McAuliffe will not appeal OEI ruling

By Erich Wagner (File photo)

Gov. Terry McAuliffe (D) announced last week that he would not appeal a Norfolk judge’s ruling that the controversial Opportunity Educational Institution is unconstitutional.

The agency, created by then-Gov. Bob McDonnell (R), was designed to take control of chronically failing schools in Virginia. Attorneys general Ken Cuccinelli (R) and Mark Herring (D) both declined to defend the law in court and a judge struck it down in June, ruling that the agency illegally usurped the authority of local school boards.

McAuliffe said in a statement that the attorneys’ general positions on the agency factored heavily into his decision not to appeal the decision.

“Unfortunately, the statute that established the OEI altered these relationships [between state and local agencies] in significant and unconstitutional ways,” McAuliffe said. “There is no question that we must work together to ensure that every single Virginia student has access to a world class education in a public school, and I am confident there is a better way forward.”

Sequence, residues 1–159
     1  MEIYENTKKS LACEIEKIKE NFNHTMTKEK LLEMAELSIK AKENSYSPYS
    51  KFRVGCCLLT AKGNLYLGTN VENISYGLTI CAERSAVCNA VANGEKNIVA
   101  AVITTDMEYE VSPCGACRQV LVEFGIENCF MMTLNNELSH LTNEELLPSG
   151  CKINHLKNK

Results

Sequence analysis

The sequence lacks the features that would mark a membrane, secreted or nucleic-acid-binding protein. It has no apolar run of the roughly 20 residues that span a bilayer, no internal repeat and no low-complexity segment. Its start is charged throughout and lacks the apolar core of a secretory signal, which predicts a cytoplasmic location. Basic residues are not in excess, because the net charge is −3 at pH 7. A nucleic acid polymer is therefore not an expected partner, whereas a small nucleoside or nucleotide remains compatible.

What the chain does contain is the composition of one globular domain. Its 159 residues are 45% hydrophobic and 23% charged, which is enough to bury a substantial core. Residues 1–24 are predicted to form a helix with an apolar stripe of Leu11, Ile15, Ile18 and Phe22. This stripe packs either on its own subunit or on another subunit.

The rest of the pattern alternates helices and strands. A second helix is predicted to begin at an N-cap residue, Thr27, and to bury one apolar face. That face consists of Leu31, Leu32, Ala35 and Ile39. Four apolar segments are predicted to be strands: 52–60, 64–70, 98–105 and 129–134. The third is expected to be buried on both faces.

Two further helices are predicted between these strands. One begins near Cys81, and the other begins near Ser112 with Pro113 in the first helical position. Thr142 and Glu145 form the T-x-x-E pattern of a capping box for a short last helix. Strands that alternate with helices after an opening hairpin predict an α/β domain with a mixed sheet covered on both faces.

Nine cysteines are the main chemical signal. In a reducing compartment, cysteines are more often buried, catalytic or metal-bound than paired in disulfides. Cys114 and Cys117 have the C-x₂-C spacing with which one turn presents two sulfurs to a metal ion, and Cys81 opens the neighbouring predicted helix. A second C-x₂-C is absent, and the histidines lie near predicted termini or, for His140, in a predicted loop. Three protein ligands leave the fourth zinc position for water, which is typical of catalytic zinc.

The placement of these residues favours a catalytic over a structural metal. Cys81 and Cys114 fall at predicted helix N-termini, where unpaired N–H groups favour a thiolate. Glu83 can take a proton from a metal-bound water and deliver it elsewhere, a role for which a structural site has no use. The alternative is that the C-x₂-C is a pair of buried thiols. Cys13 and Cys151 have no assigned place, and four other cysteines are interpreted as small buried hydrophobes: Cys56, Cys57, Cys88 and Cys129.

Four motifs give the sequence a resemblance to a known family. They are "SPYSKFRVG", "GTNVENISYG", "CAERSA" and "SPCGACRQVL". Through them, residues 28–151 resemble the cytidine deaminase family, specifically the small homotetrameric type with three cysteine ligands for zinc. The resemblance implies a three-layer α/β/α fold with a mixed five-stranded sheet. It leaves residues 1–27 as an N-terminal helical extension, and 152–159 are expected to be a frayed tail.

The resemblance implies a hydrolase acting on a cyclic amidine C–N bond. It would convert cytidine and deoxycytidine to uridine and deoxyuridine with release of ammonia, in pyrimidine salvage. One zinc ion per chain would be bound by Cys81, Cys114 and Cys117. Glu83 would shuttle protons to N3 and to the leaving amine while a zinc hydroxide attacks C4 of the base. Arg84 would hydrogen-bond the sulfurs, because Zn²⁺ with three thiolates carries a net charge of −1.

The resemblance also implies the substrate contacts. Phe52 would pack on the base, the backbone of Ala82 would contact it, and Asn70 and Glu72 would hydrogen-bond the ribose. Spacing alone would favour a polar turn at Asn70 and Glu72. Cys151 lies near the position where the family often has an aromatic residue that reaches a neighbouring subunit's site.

McAuliffe said he has set up a commission, led by state Secretary of Education Anne Holton, to look for other ways to help struggling schools.

Alexandria School Board Chairwoman Karen Graf was glad to hear of the governor’s decision. Jefferson-Houston School has been under threat of takeover since it was denied state accreditation again last year.

“We’re happy that we will not have to deal with a third-party governmental committee — we’d much rather deal with the Virginia Department of Education,” Graf said. “I thought [OEI] was poorly written legislation. It was punitive in focusing on the schoolhouse, while we have individual students we need to concentrate on across the district, not just in one building.

“It didn’t consider the kids. It was more a barometer of property than anything else.”

Graf said she also was relieved that Alexandria City Public Schools would not lose control of a school the district has just spent tens of millions of dollars and years of planning to rebuild.

“From a city standpoint and in terms of how we allocate our citizens’ taxes, it’s really important that our investments stay within the city’s purview,” she said. “It is not optimal to hand a whole building over to the state. Just the maintenance of the building is a huge undertaking, let alone moving students forward academically, so I don’t think the legislation was holistically thought through.”

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